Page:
4. Call prospects as soon as they sign up

Signing up for a free trial is the biggest indicator that someone’s interested in your product. Call within the first five minutes of their sign-up to make a friendly introduction. Thank them for their interest and offer to answer any questions they have. The faster you call, the more likely you are to get them on the phone.

Calling right away gives you the opportunity to offer a live setup call. Offering that sort of personalised support right out of the gate is a great way to convert leads.

5. Offer short product demos

Qualify and research your lead before offering them a product demonstration. You need to understand how your product will specifically help them before you can show off its benefits. Keep one-to-one demos short — around 15 minutes or so — to respect prospects’ time and leave plenty of room for questions.

Sales reps who have many engaged prospects sometimes offer ‘one-to-many’ demos. These are like a webinar, but for a small group of similar buyers. ‘One-to-many’ demos are good for prospects who want an overview of the product but don’t want to speak directly with a sales rep.

6. Identify upsell opportunities

In the world of SaaS, a successful sale lays the groundwork for future sales. Once a customer makes a purchase, continue to check in on them to gauge when they might be ready for an upgrade.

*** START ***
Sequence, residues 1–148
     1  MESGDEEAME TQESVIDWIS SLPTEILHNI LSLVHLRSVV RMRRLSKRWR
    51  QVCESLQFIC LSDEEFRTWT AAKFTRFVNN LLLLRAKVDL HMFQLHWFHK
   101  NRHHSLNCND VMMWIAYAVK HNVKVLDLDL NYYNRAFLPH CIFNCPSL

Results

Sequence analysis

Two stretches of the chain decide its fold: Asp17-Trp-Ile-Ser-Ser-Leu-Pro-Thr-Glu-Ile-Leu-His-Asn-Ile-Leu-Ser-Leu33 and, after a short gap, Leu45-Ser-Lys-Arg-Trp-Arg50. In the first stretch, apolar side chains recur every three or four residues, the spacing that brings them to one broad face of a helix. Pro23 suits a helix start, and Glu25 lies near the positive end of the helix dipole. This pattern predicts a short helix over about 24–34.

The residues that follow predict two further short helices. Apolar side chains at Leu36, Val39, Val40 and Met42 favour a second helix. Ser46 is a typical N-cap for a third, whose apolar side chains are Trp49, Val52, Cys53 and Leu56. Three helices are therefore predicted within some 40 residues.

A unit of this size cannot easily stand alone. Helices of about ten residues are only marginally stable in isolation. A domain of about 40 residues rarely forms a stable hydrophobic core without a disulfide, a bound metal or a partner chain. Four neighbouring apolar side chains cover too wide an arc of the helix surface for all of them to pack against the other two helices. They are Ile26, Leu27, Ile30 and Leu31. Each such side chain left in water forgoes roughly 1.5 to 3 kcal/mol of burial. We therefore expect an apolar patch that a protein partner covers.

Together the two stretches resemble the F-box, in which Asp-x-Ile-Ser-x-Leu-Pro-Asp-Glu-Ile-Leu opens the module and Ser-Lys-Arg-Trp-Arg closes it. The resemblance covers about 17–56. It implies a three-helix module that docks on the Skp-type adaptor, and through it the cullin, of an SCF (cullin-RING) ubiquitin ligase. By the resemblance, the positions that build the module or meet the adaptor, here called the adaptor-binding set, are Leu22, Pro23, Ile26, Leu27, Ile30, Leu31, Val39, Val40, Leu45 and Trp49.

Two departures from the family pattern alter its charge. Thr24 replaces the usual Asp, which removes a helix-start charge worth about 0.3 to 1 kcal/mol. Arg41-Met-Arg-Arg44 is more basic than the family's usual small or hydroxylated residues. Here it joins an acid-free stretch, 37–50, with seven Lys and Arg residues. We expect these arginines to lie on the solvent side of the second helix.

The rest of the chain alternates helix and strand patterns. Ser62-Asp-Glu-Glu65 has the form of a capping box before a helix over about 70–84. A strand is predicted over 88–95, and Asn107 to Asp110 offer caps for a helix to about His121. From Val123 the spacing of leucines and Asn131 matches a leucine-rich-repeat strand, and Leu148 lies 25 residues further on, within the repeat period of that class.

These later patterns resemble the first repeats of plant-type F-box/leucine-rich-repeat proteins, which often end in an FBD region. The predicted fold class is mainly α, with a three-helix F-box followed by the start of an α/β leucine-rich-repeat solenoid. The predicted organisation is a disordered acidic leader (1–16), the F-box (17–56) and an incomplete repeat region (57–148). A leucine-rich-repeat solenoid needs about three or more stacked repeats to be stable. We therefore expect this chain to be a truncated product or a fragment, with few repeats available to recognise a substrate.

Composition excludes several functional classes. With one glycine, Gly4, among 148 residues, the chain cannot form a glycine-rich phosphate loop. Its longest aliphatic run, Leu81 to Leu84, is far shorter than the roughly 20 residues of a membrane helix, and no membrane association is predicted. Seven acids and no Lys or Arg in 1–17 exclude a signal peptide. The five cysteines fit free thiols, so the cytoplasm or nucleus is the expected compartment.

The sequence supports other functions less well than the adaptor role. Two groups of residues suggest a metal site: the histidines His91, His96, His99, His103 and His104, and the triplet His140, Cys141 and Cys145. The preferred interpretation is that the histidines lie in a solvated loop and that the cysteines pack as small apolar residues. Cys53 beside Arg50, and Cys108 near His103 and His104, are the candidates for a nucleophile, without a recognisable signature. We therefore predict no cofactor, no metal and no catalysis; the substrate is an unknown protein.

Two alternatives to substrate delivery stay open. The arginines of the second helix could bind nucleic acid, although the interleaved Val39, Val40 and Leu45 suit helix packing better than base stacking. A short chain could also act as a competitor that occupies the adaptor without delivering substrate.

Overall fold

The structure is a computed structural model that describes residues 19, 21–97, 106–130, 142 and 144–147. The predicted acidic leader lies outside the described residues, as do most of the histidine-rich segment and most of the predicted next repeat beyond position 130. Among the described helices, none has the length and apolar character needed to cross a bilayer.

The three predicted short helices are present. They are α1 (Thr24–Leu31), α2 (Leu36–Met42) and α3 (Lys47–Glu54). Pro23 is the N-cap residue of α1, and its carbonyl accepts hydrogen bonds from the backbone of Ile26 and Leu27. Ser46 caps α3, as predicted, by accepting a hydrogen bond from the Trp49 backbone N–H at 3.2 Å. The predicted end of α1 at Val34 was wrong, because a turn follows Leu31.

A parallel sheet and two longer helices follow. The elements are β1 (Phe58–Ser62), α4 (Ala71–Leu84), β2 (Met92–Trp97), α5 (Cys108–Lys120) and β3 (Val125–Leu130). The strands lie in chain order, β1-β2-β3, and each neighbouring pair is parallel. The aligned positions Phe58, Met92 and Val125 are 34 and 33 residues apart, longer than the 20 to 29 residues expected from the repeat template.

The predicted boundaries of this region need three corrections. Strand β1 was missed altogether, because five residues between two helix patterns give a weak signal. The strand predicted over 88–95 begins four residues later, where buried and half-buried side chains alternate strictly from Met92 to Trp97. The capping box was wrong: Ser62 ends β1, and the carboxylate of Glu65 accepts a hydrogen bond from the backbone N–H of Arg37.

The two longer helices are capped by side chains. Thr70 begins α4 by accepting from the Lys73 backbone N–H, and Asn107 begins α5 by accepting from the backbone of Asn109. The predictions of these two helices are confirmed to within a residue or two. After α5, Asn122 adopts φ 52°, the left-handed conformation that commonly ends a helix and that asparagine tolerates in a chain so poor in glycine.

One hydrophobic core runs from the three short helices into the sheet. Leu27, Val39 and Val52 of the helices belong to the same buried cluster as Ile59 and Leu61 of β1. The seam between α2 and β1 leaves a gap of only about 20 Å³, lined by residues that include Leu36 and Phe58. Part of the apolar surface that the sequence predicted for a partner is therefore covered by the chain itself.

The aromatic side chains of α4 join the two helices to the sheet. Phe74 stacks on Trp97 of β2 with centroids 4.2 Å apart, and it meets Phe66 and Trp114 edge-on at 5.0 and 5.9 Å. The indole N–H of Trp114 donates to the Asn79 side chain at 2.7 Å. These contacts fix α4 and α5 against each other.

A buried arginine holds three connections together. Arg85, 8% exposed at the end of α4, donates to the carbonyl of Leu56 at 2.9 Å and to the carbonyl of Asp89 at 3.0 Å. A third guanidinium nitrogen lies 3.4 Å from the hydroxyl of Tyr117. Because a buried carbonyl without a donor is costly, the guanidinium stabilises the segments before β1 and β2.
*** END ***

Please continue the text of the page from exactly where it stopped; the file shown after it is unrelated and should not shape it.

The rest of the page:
With SaaS products, you can analyse customer behaviour to identify upselling opportunities. For example, you might check to see if a customer is getting close to their account usage limits. If they are, reach out to ask if they’re interested in an expanded plan.

Subscription services take time to become successful, so be patient. Focusing on building relationships with existing customers is crucial in the early stages of any SaaS business.

Zendesk Sell: a tool to streamline your SaaS sales process

A sales CRM makes each part of the SaaS sales process run smoother and faster. With Zendesk Sell, you can automatically generate leads and reach out regularly with email automation. You’re also able to track every prospect as you push them through the SaaS sales funnel and stay on top of all your customer conversations and relationships.

Looking for an organised way to routinely engage with prospects and clients? Start a free trial today.